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These are sad times

June 12, 2008 - Dan Voigt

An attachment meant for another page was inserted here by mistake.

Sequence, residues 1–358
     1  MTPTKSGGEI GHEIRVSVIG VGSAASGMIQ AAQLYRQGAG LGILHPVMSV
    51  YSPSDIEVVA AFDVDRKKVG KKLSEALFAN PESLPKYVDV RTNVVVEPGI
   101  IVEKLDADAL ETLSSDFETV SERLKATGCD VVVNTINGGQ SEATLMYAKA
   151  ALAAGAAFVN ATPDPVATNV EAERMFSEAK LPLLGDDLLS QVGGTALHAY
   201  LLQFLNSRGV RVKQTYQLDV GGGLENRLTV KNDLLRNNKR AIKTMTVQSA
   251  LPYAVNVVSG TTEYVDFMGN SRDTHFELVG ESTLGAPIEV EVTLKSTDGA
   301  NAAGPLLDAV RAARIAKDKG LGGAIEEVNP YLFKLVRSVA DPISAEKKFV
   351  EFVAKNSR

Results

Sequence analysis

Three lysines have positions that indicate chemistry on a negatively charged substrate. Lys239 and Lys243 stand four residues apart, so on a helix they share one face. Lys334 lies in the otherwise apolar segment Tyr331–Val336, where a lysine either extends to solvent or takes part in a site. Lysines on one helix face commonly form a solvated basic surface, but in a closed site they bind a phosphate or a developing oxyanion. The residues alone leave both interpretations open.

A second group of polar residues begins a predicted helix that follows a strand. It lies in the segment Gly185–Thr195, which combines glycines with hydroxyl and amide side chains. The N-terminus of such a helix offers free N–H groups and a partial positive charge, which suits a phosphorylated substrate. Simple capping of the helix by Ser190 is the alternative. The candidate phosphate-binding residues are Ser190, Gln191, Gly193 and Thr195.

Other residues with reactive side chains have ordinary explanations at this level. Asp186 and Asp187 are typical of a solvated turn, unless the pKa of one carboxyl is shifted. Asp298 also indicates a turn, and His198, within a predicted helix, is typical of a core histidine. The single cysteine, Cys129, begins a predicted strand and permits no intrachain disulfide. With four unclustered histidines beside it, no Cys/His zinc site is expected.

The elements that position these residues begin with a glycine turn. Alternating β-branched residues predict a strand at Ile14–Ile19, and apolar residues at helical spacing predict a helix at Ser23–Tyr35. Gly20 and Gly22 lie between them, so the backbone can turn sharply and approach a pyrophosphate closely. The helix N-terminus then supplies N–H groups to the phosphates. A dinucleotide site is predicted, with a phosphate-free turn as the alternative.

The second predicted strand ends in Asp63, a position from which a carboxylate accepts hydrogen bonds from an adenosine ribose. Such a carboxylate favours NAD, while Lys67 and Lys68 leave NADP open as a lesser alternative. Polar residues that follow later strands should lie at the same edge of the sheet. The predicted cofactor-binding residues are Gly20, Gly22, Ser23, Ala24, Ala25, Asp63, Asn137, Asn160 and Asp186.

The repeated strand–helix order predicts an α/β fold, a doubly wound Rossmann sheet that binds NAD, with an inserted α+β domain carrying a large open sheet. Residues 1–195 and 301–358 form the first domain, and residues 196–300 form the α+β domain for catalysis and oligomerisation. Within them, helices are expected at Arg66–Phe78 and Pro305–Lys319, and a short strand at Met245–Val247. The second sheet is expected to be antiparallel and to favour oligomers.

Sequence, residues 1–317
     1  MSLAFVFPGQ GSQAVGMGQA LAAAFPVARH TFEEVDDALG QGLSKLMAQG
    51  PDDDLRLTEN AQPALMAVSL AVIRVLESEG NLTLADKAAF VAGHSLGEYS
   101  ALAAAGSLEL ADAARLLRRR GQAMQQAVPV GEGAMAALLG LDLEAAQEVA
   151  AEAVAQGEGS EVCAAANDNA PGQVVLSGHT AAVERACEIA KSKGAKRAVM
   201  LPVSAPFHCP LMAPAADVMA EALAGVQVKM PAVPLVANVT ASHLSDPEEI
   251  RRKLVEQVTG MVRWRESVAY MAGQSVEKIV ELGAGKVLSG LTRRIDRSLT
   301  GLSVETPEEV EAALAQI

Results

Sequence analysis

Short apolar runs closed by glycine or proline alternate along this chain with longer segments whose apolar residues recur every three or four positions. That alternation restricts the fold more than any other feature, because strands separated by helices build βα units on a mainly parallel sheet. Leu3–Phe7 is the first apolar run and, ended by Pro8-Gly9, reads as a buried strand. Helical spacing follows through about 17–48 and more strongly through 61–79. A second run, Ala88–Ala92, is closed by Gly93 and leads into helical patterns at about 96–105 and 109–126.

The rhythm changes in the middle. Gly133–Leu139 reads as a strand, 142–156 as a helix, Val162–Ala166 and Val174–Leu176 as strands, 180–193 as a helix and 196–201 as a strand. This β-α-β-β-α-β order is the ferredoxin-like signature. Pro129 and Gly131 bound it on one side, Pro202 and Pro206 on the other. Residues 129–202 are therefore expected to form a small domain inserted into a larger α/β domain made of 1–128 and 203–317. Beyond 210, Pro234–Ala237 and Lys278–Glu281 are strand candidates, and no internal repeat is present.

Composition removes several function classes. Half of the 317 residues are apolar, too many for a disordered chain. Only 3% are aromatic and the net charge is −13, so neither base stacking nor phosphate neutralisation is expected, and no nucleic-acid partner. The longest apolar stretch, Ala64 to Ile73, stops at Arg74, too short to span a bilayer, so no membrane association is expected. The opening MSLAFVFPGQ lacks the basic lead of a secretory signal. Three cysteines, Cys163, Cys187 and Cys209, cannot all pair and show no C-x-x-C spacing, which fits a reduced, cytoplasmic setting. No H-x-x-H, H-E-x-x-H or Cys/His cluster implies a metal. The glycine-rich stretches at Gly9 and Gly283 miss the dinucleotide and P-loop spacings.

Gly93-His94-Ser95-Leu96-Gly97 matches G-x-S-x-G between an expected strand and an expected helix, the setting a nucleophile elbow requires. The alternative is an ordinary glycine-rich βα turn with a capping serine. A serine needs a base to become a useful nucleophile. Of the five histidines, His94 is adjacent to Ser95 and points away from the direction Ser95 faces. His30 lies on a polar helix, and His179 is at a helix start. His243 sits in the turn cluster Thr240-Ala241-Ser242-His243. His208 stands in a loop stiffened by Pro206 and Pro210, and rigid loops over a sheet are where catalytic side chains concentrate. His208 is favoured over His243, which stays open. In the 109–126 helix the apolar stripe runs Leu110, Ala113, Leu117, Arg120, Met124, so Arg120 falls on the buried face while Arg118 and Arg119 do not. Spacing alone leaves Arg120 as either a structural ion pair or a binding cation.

Wednesday seemed like it was going to be an average, nothing-out-of-the ordinary day. Hit the office around 7 a.m. and start working on the upcoming paper. Research for a story, come back to the office, and about 9:30, the day changed. Ambulance and rescue personnel were sent to a farm near Curlew, where a man had been hit by lightning. A little later in the morning, I got a call from a friend asking if I had heard about the accident. As he told me the story, my heart sank - yes, it was the lightning-strike victim, a young man who had graduated from high school a couple of years earlier. Through my work with the county fair board, I'd come to know this young man as an exceptional young man, a natural leader, a go-to kind of kid that you could depend on. If he walked into a room filled with young 4-H kids, they instantly gravitated to him - and he'd respond with a brilliant smile and become every kids' friend. Now, his family, let alone all who knew him, grieve at his tragic loss. The same is true for the four boys scouts who were lost Wednesday night when the tornado struck the Little Sioux Boy Scout Ranch near Blencoe. We think of Boy Scouts as the ones who are "always prepared". It is reported that these scouts were all at the camp for a senior leadership session geared towards the older, more experienced scouts. But, even with knowledge on what to do and advanced warning, there was little that could be done against the fury and raw power of nature. I watched footage on CNN Wednesday night of a three story home slowly collapsing into a river raging out of its banks due to flood waters near Waterloo. Again, the power of Nature is something to be respected, not ignored. In our rural area, we are closer to nature than our counterparts in urban settings like Cedar Falls or Des Moines.We will feel its effects just as quickly, and as personally, as those who live in an urban area. But, it's just a little more personal when it happens here at home. The old commercial said "It's not nice to fool with Mother Nature" and that is so very true.


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